Project description:OBJECTIVES:To describe a randomized controlled trial (RCT) of digital breast tomosynthesis including synthesized two-dimensional mammograms (DBT) versus digital mammography (DM) in a population-based screening program for breast cancer and to compare selected secondary screening outcomes for the two techniques. METHODS:This RCT, performed in Bergen as part of BreastScreen Norway, was approved by the Regional Committees for Medical Health Research Ethics. All screening attendees in Bergen were invited to participate, of which 89% (14,274/15,976) concented during the first year, and were randomized to DBT (n = 7155) or DM (n = 7119). Secondary screening outcomes were stratified by mammographic density and compared using two-sample t-tests, chi-square tests, ANOVA, negative binomial regression and tests of proportions (z tests). RESULTS:Mean reading time was 1 min 11 s for DBT and 41 s for DM (p < 0.01). Mean time spent at consensus was 3 min 12 s for DBT and 2 min 12 s for DM (p < 0.01), while the rate of cases discussed at consensus was 6.4% and 7.4%, respectively for DBT and DM (p = 0.03). The recall rate was 3.0% for DBT and 3.6% for DM (p = 0.03). For women with non-dense breasts, recall rate was 2.2% for DBT versus 3.4% for DM (p = 0.04). The rate did not differ for women with dense breasts (3.6% for both). Mean glandular dose per examination was 2.96 mGy for DBT and 2.95 mGy for DM (p = 0.433). CONCLUSIONS:Interim analysis of a screening RCT showed that DBT took longer to read than DM, but had significantly lower recall rate than DM. We found no differences in radiation dose between the two techniques. KEY POINTS:• In this RCT, DBT was associated with longer interpretation time than DM • Recall rates were lower for DBT than for DM • Mean glandular radiation dose did not differ between DBT and DM.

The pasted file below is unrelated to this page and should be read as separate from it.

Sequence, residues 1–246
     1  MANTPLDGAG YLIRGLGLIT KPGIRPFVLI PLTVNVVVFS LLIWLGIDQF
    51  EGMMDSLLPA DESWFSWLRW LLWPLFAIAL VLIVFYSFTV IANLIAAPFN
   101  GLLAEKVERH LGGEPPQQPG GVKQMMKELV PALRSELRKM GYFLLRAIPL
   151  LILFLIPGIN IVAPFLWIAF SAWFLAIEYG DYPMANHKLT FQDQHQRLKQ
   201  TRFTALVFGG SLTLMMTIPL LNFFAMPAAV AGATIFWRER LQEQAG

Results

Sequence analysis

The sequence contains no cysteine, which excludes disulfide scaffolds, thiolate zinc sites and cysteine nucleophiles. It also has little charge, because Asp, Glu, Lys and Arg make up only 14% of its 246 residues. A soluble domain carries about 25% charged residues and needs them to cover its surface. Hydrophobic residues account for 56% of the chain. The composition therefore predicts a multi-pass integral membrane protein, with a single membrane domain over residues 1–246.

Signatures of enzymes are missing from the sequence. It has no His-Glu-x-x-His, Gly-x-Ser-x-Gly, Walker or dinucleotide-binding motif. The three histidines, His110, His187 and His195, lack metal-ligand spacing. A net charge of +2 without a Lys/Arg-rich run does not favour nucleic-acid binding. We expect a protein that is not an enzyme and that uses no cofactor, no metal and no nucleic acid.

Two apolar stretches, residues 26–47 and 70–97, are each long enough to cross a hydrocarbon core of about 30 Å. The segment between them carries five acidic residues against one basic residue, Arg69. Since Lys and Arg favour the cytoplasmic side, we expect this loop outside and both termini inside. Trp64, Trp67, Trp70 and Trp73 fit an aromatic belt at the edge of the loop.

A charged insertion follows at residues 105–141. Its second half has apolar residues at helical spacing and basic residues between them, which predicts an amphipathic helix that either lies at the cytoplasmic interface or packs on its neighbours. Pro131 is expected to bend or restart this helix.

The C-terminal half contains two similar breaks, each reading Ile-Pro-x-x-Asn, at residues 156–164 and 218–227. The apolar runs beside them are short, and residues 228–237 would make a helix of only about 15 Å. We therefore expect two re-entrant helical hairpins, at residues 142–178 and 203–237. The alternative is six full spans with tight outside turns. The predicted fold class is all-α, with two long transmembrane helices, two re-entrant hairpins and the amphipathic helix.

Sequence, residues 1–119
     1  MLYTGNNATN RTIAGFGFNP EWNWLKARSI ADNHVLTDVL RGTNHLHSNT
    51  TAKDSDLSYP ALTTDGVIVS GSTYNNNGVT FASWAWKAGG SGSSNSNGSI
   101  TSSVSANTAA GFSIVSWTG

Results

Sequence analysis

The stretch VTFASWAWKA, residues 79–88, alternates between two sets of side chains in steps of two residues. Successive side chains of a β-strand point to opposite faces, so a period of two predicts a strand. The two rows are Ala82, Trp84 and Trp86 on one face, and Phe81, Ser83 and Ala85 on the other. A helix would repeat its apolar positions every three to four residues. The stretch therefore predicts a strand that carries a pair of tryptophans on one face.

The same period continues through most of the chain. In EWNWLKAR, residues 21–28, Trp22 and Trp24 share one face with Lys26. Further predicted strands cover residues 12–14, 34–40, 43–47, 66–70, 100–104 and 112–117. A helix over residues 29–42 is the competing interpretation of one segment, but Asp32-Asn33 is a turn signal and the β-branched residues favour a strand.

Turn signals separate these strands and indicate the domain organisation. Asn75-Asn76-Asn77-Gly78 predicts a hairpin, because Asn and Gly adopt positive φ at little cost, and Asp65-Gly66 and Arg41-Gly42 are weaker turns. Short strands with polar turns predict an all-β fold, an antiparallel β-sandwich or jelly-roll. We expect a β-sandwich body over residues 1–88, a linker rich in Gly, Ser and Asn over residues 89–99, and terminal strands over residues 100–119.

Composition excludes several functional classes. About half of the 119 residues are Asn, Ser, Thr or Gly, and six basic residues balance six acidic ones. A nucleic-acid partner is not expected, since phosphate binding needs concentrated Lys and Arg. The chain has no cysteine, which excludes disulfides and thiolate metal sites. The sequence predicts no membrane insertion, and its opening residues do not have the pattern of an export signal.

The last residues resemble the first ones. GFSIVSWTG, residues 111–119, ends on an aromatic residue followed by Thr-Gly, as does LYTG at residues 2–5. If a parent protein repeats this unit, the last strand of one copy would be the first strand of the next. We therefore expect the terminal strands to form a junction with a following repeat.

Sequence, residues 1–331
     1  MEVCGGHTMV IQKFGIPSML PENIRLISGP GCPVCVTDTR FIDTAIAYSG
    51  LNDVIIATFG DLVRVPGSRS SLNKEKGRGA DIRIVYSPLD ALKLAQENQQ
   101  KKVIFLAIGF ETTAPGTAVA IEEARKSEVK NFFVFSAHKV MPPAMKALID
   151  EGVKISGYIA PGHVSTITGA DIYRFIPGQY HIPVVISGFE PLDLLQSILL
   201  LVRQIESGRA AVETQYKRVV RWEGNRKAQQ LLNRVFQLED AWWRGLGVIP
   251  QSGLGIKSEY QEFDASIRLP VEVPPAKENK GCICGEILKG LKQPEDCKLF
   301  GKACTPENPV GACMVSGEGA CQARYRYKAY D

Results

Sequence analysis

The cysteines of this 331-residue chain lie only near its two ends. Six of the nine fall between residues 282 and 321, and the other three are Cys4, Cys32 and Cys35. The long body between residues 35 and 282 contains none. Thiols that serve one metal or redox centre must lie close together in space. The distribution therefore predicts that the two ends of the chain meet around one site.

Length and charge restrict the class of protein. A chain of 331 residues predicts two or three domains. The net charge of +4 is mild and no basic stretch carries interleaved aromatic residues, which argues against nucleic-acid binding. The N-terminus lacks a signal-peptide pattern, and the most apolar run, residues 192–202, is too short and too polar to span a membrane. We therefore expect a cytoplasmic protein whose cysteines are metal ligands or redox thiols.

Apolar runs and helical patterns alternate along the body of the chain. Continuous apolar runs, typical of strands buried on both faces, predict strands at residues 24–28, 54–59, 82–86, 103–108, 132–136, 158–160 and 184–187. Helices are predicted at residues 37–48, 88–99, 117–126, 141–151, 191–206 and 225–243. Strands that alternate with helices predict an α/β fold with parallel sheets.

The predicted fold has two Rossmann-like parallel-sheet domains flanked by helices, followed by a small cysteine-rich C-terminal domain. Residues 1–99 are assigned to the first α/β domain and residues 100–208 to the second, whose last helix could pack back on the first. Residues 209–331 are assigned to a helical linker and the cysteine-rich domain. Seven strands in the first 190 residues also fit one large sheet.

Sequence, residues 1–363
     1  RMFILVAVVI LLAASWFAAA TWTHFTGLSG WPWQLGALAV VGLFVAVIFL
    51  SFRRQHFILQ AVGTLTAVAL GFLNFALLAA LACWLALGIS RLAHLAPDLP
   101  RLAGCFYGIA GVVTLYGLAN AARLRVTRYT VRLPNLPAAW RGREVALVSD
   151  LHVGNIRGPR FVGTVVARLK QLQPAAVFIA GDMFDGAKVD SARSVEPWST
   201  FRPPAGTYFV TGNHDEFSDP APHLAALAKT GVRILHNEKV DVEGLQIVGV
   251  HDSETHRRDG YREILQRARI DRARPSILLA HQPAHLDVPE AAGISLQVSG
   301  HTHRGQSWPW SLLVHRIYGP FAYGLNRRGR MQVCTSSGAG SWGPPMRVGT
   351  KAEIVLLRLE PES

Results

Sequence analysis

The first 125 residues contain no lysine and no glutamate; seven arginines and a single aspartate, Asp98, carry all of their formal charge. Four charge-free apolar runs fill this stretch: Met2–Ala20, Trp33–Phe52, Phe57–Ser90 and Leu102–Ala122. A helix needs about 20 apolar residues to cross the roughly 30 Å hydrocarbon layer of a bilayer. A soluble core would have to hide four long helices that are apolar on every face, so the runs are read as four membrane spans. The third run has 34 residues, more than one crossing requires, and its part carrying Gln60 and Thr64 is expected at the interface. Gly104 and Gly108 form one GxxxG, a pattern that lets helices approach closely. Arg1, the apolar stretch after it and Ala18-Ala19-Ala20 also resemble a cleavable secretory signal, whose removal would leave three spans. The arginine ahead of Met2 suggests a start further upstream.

Project description:OBJECTIVES:To evaluate at which sensitivity digital breast tomosynthesis (DBT) would become cost-effective compared to digital mammography (DM) in a population breast cancer screening program, given a constant estimate of specificity. METHODS:In a microsimulation model, the cost-effectiveness of biennial screening for women aged 50-75 was simulated for three scenarios: DBT for women with dense breasts and DM for women with fatty breasts (scenario 1), DBT for the whole population (scenario 2) or maintaining DM screening (reference). For DM, sensitivity was varied depending on breast density from 65 to 87%, and for DBT from 65 to 100%. The specificity was set at 96.5% for both DM and DBT. Direct medical costs were considered, including screening, biopsy and treatment costs. Scenarios were considered to be cost-effective if the incremental cost-effectiveness ratio (ICER) was below €20,000 per life year gain (LYG). RESULTS:For both scenarios, the ICER was more favourable at increasing DBT sensitivity. Compared with DM screening, 0.8-10.2% more LYGs were found when DBT sensitivity was at least 75% for scenario 1, and 4.7-18.7% when DBT sensitivity was at least 80% for scenario 2. At €96 per DBT, scenario 1 was cost-effective at a DBT sensitivity of at least 90%, and at least 95% for scenario 2. At €80 per DBT, these values decreased to 80% and 90%, respectively. CONCLUSION:DBT is more likely to be a cost-effective alternative to mammography in women with dense breasts. Whether DBT could be cost-effective in a general population highly depends on DBT costs. KEY POINTS:• DBT could be a cost-effective screening modality for women with dense breasts when its sensitivity is at least 90% at a maximum cost per screen of €96. • DBT has the potential to be cost-effective for screening all women when sensitivity is at least 90% at a maximum cost per screen of €80. • Whether DBT could be used as an alternative to mammography for screening all women is highly dependent on the cost of DBT per screen.